I’d like to sincerely (but probably pointlessly) apologize to Aaron Duczak for not noticing he was from the Pacific Northwest (specifically, Kamloops, British Columbia) until he was on the final table of the WSOP Main Event. There is nobody who would have liked to make more of the fact that this year’s Main Event had two players from the PNW in contention for the $10M top prize than myself.
The combined population of the states and provinces I track in the PNW Poker Leaderboard—Oregon, Washington, Idaho, Alkaska, British Columbia, and Alberta—is about twenty-three and a half million, smaller than the population of California (38 million) or Texas (28 million), and just a bit more than that of Florida (21 million) but here we had two players who weren’t long-established pros at the final table of the biggest event of any poker year. Pretty cool.On top of that, both Angela Jordison and Stuart Young* were on the Day 4 feature table on PokerGO for a long period with the man everyone was talking about at the time, Zilong Zheng, Five players from the PNW cracked the spots between 100 and 200 in the Main Event. * And Vancouver, Washington’s Ali Imsirovic.
Though they now list online WSOP bracelet events, Hendon Mob doesn’t factor them into the rankings, so Gallagher’s 5th place finish last month in the WSOP ONLINE 2022 PLO 6-Max—a $1K buy-in with 470 entries—doesn’t affect the standing.
Las week on the PokerGo Podcast, co-hosts Tim Duckworth and Donnie Peters were discussing the oft-repeated theory that playing the last day of the WSOP Main Event was the best way to run up a big stack.
As it happens, I’d taken a look at that assumption in an article at PokerNews back in 2015 (just a few months before I interviewed for a job there with Donnie and Matt Parvis, as a matter of fact).
In that article, I charted end-of-day chip stacks against entrants, breaking each day’s finishers into six groups: top 10%, 70% to 90%, 50% to 70%, 30% to 50%, 10% to 30%, and bottom 10%.
There wasn’t any statistical correlation between the number of entrants on each day and the stack distribution that I could find, the biggest end-of-day stack between 2011 and 2015 was on a Day 1A (2012). In 2011, the biggest ending stack was on Day 1A, and in 2014 the biggest stack on 1A was larger than on 1B despite a field only a third the size.
The other groupings remained very consistent. The first decile (bottom 10%) topped out consistently around 45% of the starting stack. The fourth decile (40%) had just over starting stack. The median at 50% was about 120% of starting stack, etc.
I wasn’t particularly surprised when I ran numbers for 2016 to 2022 (2020 excluded). This time, I used a percentage of starting stack to represent the end-of-day numbers, because the number of chips went from 50,000 to 60,000 in 2019. Again, everything except the top 10% is very consistent. And again, earlier starting days with fewer entries have outperformed larger fields: 2017 Day 1A had the largest end-of-day stack; the same thing happened in 2019.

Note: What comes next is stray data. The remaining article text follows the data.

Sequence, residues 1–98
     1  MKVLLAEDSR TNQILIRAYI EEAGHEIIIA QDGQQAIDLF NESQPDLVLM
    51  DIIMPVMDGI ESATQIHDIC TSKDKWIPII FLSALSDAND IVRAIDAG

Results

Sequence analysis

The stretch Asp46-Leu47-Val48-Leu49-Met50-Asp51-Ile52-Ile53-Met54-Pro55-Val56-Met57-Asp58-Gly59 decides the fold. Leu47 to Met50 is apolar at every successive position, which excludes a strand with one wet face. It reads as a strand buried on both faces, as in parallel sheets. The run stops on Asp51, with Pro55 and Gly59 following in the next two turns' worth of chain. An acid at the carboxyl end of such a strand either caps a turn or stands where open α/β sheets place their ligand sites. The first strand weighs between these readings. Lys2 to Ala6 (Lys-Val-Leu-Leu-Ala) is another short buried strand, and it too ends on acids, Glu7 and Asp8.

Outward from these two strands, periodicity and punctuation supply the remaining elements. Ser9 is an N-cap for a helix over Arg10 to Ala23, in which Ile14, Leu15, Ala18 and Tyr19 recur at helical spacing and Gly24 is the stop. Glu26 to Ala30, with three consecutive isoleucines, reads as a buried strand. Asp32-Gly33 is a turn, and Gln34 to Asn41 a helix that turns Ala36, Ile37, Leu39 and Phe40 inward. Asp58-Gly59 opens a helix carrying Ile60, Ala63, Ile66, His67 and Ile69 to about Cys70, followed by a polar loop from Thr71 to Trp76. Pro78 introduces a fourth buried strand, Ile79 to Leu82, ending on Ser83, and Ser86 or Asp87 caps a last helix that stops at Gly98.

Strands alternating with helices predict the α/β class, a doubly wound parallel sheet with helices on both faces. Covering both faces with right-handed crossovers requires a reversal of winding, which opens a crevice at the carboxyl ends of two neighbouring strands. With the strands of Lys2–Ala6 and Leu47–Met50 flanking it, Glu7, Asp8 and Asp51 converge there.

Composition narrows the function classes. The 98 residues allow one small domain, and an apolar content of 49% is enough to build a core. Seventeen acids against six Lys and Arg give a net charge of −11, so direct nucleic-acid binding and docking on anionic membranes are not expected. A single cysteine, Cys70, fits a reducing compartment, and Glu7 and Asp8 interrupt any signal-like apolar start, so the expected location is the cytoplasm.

Where there is a definite correlation is in the number of players that survive each day. Larger fields have a larger percentage of the field surviving to Day 2. Of the 20 starting days from 2016 to 2022, the range of survivors was from 67% to 77%, and the percentage of survivors on Day 1A was never more than 72%. The percentage of survivors on the last day—Day 1C until 2019 and Day 1D in 2021 and 2022—was never lower than 75%.
While there was only a 3% difference in the number of survivors between the first and last starting day in 2019, in each of the other years, there were between 5% and 9% more entering players making it to Day 2. Only on 2022 Day 1C were there more survivors on a later starting day.
So if you’re looking for a reason to play the last entry day for the Main Event, that’s your reason.
Tomorrow’s the last entry day for this year’s World Series of Poker Main Event and as I’m still in Portland for a variety of reasons, it looks like another year that I’m not playing it. Good luck to everybody luck enough to be playing today (Steve Roselius) and tomorrow, and to the folks that have already made it through to Day 2 (Angela Jordison and Jackie Burkhart, among others)! Wish I was there to at least rail.
Key to the Leaderboard
Name and home town (according to the player’s Hendon Mob profile).
The player’s most recent ranking in the PNW Poker Leaderboard in italics. If this is their first time on the Leaderboard, an em dash (—)
Their new standing in bold, preceded by the pound sign (#).
Their change in status on the Leaderboard (with an arrow indicating up or down), or a black club (♣) if this is their first appearance.
For each of the tournaments that are being recognized in this Leaderboard:
The name and link to the Hendon Mob listing for that tournament.
The player’s finishing position in the tournament and thge number of entries.
This cash wasn’t as large as some of the others this far down the list (which is roughly ordered by the total amount of winnings reported in this period) but Mufti racked up four other smaller cashes over the last couple weeks of June, and two more on the first two days of July.
If you’ve got a sharp eye, you might be wondering: “Hey, there are three WSOP Deep Stack results shown, with the same number of entries, and players in the top three positions, were they all from the same day?” If so, you’d be correct, because Hassell, Kriventsov, and Gates were the PNW trifecta on 20 June.
This individual result was just over the threshold to get on the Leaderboard, but Mackoff is another of the serial cashers appearing here, with twelve WSOP cashes (both live and online) in June, as well as a cash at the Venetian.